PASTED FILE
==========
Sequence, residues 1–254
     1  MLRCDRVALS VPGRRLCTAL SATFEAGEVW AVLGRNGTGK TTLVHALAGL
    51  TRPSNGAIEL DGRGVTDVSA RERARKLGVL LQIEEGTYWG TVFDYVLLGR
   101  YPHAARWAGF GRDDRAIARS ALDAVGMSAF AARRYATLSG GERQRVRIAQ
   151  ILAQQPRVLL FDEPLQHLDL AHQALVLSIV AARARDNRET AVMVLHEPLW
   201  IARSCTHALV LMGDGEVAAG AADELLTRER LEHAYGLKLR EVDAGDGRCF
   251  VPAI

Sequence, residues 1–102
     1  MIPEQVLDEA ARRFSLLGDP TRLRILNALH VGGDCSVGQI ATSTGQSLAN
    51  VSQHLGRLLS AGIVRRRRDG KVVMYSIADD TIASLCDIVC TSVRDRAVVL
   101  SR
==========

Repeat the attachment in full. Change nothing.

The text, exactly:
Sequence, residues 1–254
     1  MLRCDRVALS VPGRRLCTAL SATFEAGEVW AVLGRNGTGK TTLVHALAGL
    51  TRPSNGAIEL DGRGVTDVSA RERARKLGVL LQIEEGTYWG TVFDYVLLGR
   101  YPHAARWAGF GRDDRAIARS ALDAVGMSAF AARRYATLSG GERQRVRIAQ
   151  ILAQQPRVLL FDEPLQHLDL AHQALVLSIV AARARDNRET AVMVLHEPLW
   201  IARSCTHALV LMGDGEVAAG AADELLTRER LEHAYGLKLR EVDAGDGRCF
   251  VPAI

Sequence, residues 1–102
     1  MIPEQVLDEA ARRFSLLGDP TRLRILNALH VGGDCSVGQI ATSTGQSLAN
    51  VSQHLGRLLS AGIVRRRRDG KVVMYSIADD TIASLCDIVC TSVRDRAVVL
   101  SR